By Amy Nicholson
By Stephanie Zacharek
By Calum Marsh
By Stephanie Zacharek
By Inkoo Kang
By Voice Film Critics
By Alan Scherstuhl
By Alan Scherstuhl
This was when you were working with Fellini and Pasolini? It was the Fellini film [Toby Dammitt] that took me to Rome. Peter O'Toole dropped out of the project, so Fellini cabled a casting director in London and said, "Send me your most decadent actors." They sent me and James Fox, who was truly decadent. I never imagined that I was as decadent as him. So James Fox and I go, and Fellini and I fall in love. Fellini wouldn't let me leave, he just kept me in Rome.
You virtually stopped working in the '70s did the roles stop coming? The roles didn't completely stop but I had been spoiled I'd worked with Wyler, Losey, Fellini, Pasolini, I was in negotiations with Orson Welles, I'd got accustomed to superleague. When the '60s came to a close, it went from working with the best guys to making rubbish. I had put so much store in fame, and in being a successful actor, and having the perfect female partner, and when it all ended, I was mature enough to acknowledge that all those things had not kept their promise. They hadn't embellished me with any kind of inner dimension or peace of mind that allowed me to not miss them. So I'd become accustomed to them without really arriving at any solution of how to live without them, and I had to acknowledge that.
Once I had, I decided to travel. I bought a round-the-world ticket, thinking some great director would want me sometime, and until then I'll just see the world. I went everywhere. And nobody called. Ten years went by. They weren't boring because this whole new world was revealed to me. I was into everything mysticism, Sufism, I learned to whirl like a dervish, I was studying Zen philosphy, I was living in monasteries.
Did you consider giving up acting? Never. In fact, all the esoteric things I was studying, I thought was going to make me a better actor. I was inspired by Muhammad Ali when the American government stopped him fighting, he just got more fit so his attitude was, anytime the telephone rings, I can get in a ring and fight. And that's what I did although I didn't physically work, I stayed ring-fit. When the recall came with Superman, I was in an ashram, like a swami, all in orange, I hadn't cut my hair in seven years. I got on a plane and went straight to Pinewood Studios.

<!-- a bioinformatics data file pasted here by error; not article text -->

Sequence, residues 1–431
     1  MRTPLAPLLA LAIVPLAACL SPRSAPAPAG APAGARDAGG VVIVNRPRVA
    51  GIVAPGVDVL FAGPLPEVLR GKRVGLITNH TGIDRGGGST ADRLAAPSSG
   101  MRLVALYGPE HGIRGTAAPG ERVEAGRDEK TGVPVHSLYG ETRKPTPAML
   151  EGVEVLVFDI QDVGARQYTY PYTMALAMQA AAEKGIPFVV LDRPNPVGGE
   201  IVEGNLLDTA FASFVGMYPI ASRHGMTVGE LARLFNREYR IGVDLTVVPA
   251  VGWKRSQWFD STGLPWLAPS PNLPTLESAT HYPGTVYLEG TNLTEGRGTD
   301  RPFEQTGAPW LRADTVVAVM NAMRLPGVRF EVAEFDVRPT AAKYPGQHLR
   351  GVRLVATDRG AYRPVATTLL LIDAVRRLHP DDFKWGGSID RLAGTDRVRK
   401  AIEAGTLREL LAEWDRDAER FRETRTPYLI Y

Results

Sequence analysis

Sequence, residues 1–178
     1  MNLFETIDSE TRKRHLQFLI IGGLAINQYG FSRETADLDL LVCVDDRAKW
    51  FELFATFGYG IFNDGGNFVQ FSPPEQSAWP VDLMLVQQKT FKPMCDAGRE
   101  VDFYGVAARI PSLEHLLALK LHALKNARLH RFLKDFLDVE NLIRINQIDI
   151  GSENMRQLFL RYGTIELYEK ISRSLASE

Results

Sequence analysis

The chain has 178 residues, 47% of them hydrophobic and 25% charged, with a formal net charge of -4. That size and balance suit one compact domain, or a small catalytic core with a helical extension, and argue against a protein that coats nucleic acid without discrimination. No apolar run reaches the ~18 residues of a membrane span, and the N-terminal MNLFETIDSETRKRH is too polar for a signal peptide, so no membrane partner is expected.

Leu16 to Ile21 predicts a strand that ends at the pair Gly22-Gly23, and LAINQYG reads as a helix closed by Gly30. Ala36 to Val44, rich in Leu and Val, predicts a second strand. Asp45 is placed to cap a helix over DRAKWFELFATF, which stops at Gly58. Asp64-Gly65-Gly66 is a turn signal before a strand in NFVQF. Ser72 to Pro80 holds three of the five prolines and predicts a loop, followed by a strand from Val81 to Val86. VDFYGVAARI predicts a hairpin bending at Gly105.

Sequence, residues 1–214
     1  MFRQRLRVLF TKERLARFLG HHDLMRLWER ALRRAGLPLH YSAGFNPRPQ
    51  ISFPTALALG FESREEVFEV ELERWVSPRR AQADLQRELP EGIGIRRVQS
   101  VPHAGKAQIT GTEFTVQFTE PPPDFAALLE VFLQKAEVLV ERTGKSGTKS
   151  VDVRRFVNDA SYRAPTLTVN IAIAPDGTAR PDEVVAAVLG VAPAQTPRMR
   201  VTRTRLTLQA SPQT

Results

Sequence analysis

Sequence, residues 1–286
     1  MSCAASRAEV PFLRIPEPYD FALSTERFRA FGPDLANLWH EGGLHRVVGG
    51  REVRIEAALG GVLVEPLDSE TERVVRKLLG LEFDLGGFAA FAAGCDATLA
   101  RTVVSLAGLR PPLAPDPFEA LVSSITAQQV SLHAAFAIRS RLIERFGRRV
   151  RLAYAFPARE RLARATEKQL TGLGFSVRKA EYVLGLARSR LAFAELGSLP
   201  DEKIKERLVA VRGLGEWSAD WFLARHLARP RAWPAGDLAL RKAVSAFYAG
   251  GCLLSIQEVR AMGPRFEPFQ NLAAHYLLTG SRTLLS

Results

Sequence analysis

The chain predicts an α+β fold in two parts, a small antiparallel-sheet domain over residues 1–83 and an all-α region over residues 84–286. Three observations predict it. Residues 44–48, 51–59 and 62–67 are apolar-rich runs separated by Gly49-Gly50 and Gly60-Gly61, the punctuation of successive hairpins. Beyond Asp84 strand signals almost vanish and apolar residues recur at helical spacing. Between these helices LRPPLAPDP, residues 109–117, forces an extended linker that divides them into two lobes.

In your robes? Yup, they cut my hair and turned me into General Zod.
You play the president of the universe in The Phantom Menace have you seen it yet? No, I haven't.
Do you intend to? Not really. It was such a minimal part and [George Lucas] plays everything so close to his chest, you don't have a real filmmaking experience. When you're talking to a post, it's difficult to get emotionally involved.
I hear you weren't too thrilled when you started seeing yourself on soda cans. It was only after the film came out that we found we were all advertising Pizza Hut and 7-Up. It presented a little difficulty for me because in Britain, I have my own food line, which is totally organic.
Do you ever regret not having taken a more conventional career path? Even your earliest roles were so radically different you went right from Billy Budd to The Collector. People who saw Billy Budd thought of me as this embodiment of goodness, people who saw The Collector thought of me as a manifestation of evil when I see The Collector now, I think, how did I do that? I was such a baby, how was I so freaky? I was obviously like a young leading man then, but intellectually, I was more of a character actor. It wasn't really interesting for me just to play normal . . . it was not possible for me to go the route of Robert Redford or Warren Beatty, you know? There was a part of me that would've loved to have been a traditional leading man when I was young, I wanted to be like Cary Grant. But it didn't turn out that way, and with hindsight, it's made my life very interesting. I've never really had to repeat myself.
Join My Voice Nation for free stuff, film info & more!